I have watched teachers cry this past week as they try to learn new ways to connect with students virtually while their own struggle with technology is real. I heard it said recently that the teachers are building an airplane while trying to fly it, and I could not agree more. I know parents are trying to work and then come home and assist their children with their schoolwork when they are exhausted and just want some down time to relax. These parents are overwhelmed and many of them are trying to do all this with little or no internet access and no electronic device. Some of these are single parents or grandparents and that presents a whole new set of problems. The school systems are doing their best to provide devices and right now there’s a shortage due to all the demand. As I write this column, I can feel the tension and stress in my own body. If we could all take a deep breath and realize that we all are experiencing our own stressful situations, and we all need some kindness and reassurance. Let’s decide to put ourselves in each other’s shoes and be as understanding and patient.
I’ve talked to many pastors lately about their desire to stop ministering because of the attitude and actions of some of the members of the flock. I have listened as they have cried and said they do not know how much longer they can take the pressure of this pandemic and the division that we have allowed it to create. These church leaders have been called faithless by some and reckless by others. Some oppose masks and some wear them continually and insist on everyone doing so. Pastors have been bombarded with information from lay members, other pastors, and the world in general when they must hear and follow that still small voice of God. It is easy to sit in a chair and make decisions for others when there is no accountability associated with them. Again, it seems no decision can be made that everyone will like or accept without lashing out. I ask from the bottom of my heart for empathy for these church leaders because they are barely keeping it together right now. None of us has ever pastored through anything like this before, and I pray that we never do again. In my 20 years of pastoring, I have never felt such a hatred, arrogance, and division as what we are currently dealing with in society. The love of many has waxed cold, and empathy seems to be a forgotten attribute.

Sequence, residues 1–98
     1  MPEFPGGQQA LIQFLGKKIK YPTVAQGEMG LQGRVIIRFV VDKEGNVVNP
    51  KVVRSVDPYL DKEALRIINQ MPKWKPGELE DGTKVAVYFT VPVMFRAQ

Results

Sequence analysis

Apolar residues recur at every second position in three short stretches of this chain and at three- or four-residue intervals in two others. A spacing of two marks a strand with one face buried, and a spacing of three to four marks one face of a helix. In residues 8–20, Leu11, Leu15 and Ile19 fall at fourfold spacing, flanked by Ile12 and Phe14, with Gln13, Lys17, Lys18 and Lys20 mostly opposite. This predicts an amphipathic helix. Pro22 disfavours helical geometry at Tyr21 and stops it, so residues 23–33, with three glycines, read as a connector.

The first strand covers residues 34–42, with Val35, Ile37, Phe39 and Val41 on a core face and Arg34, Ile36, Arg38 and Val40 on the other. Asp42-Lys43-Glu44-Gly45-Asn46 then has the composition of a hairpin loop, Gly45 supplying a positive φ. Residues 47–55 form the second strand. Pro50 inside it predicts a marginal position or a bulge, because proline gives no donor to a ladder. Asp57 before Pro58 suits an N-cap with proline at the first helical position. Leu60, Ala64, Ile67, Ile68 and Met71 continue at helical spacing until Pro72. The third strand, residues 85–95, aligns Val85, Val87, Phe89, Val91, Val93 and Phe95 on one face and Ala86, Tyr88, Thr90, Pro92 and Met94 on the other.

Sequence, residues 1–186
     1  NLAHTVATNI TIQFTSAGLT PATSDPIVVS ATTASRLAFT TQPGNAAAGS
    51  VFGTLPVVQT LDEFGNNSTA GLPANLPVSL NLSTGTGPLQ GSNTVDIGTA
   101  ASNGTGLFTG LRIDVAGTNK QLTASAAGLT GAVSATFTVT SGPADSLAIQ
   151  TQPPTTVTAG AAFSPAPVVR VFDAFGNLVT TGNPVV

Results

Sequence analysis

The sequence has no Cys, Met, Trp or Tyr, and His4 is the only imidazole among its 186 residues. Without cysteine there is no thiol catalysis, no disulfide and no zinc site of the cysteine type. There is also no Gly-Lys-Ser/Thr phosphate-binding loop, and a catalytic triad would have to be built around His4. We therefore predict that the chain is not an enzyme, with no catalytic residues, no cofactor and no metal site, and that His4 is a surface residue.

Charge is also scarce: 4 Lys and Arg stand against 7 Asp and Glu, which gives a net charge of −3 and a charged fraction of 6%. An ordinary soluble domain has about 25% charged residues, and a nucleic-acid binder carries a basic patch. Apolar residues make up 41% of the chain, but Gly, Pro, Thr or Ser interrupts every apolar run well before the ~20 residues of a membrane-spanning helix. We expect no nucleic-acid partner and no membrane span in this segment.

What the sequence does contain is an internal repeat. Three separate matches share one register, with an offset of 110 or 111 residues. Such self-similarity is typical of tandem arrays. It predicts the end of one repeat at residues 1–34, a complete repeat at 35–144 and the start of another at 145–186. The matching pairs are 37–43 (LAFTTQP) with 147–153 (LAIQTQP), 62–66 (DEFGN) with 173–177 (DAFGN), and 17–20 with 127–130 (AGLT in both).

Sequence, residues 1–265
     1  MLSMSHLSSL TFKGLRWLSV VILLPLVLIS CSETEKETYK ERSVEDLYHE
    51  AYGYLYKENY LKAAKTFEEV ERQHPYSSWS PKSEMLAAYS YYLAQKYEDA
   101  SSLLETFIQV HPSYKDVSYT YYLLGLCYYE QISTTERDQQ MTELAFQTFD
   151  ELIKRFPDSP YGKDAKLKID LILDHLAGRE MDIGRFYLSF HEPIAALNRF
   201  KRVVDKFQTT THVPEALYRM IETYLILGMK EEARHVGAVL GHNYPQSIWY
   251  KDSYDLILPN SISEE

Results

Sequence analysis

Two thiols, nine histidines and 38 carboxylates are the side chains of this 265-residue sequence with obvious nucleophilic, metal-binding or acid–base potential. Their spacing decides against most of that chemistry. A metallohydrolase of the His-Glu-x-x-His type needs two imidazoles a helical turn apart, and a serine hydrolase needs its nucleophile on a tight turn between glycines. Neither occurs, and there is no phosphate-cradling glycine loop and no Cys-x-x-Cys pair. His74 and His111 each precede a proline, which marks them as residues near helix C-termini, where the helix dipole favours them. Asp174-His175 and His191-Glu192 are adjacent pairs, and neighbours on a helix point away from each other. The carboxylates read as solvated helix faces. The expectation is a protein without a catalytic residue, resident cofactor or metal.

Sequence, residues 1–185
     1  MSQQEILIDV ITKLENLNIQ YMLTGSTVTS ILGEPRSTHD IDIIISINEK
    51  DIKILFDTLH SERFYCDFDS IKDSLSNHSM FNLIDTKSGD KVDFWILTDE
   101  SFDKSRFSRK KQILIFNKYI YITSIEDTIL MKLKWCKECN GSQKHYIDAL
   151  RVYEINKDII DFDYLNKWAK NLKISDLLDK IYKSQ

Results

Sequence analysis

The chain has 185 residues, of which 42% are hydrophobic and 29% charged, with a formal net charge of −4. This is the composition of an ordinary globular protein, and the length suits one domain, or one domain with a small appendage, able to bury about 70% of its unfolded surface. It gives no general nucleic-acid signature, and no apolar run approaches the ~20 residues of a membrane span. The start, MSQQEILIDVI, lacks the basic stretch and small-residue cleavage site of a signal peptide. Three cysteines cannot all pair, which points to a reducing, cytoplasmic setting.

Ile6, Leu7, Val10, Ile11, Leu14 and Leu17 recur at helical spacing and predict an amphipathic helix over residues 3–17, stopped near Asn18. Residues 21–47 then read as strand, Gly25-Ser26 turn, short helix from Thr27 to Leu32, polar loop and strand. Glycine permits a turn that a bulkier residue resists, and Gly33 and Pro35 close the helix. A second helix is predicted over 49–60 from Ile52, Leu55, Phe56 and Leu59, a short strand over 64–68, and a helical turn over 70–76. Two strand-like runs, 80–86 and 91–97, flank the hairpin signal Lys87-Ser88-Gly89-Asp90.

I challenge each one of you to start moving with compassion and to make a difference by trying to understand what someone else is experiencing. We must realize that none of us has all the answers nor are our opinions perfect. Right now, everyone needs grace and mercy without condemnation. I know we may all have different opinions and feelings toward all the topics I mentioned in the article, but can we all agree that this pandemic has been tough and trying on us all? When we can barely keep our heads above the water, empathy can be a life preserver for our drowning souls. When we casually toss complaints and rude comments at the one drowning, we do irreparable damage. Jesus moves with compassion and he is empathetic towards us all. Let’s be like Jesus and bring back EMPATHY!
(The Solution Column is provided by Pastor Brandon Young of Harmony Free Will Baptist Church, Hampton, and his associate, David Odom.)